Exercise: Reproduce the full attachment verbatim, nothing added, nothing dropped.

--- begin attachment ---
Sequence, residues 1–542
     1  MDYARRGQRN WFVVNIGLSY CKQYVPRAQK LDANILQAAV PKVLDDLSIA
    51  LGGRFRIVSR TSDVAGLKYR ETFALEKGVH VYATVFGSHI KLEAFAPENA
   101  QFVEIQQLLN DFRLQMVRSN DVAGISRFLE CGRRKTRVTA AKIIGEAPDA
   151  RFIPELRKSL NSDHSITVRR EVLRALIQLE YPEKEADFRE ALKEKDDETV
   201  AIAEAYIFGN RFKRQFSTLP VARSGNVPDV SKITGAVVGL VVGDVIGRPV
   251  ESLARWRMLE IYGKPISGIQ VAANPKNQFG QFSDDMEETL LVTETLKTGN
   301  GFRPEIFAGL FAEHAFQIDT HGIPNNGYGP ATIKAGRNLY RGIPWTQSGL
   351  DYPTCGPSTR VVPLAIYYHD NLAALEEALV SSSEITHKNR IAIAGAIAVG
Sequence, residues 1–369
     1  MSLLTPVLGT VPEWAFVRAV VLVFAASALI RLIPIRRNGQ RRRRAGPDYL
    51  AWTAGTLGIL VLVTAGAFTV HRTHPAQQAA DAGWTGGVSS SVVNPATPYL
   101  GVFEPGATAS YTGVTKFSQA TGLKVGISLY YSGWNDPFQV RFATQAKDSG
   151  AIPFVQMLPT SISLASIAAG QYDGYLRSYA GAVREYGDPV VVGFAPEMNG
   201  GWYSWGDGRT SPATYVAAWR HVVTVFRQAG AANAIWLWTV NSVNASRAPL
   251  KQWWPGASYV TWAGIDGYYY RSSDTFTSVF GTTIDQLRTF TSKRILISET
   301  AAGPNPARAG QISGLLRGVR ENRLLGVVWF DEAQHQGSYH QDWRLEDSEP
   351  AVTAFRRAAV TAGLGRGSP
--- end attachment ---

Sequence, residues 1–542
     1  MDYARRGQRN WFVVNIGLSY CKQYVPRAQK LDANILQAAV PKVLDDLSIA
    51  LGGRFRIVSR TSDVAGLKYR ETFALEKGVH VYATVFGSHI KLEAFAPENA
   101  QFVEIQQLLN DFRLQMVRSN DVAGISRFLE CGRRKTRVTA AKIIGEAPDA
   151  RFIPELRKSL NSDHSITVRR EVLRALIQLE YPEKEADFRE ALKEKDDETV
   201  AIAEAYIFGN RFKRQFSTLP VARSGNVPDV SKITGAVVGL VVGDVIGRPV
   251  ESLARWRMLE IYGKPISGIQ VAANPKNQFG QFSDDMEETL LVTETLKTGN
   301  GFRPEIFAGL FAEHAFQIDT HGIPNNGYGP ATIKAGRNLY RGIPWTQSGL
   351  DYPTCGPSTR VVPLAIYYHD NLAALEEALV SSSEITHKNR IAIAGAIAVG
Sequence, residues 1–369
     1  MSLLTPVLGT VPEWAFVRAV VLVFAASALI RLIPIRRNGQ RRRRAGPDYL
    51  AWTAGTLGIL VLVTAGAFTV HRTHPAQQAA DAGWTGGVSS SVVNPATPYL
   101  GVFEPGATAS YTGVTKFSQA TGLKVGISLY YSGWNDPFQV RFATQAKDSG
   151  AIPFVQMLPT SISLASIAAG QYDGYLRSYA GAVREYGDPV VVGFAPEMNG
   201  GWYSWGDGRT SPATYVAAWR HVVTVFRQAG AANAIWLWTV NSVNASRAPL
   251  KQWWPGASYV TWAGIDGYYY RSSDTFTSVF GTTIDQLRTF TSKRILISET
   301  AAGPNPARAG QISGLLRGVR ENRLLGVVWF DEAQHQGSYH QDWRLEDSEP
   351  AVTAFRRAAV TAGLGRGSP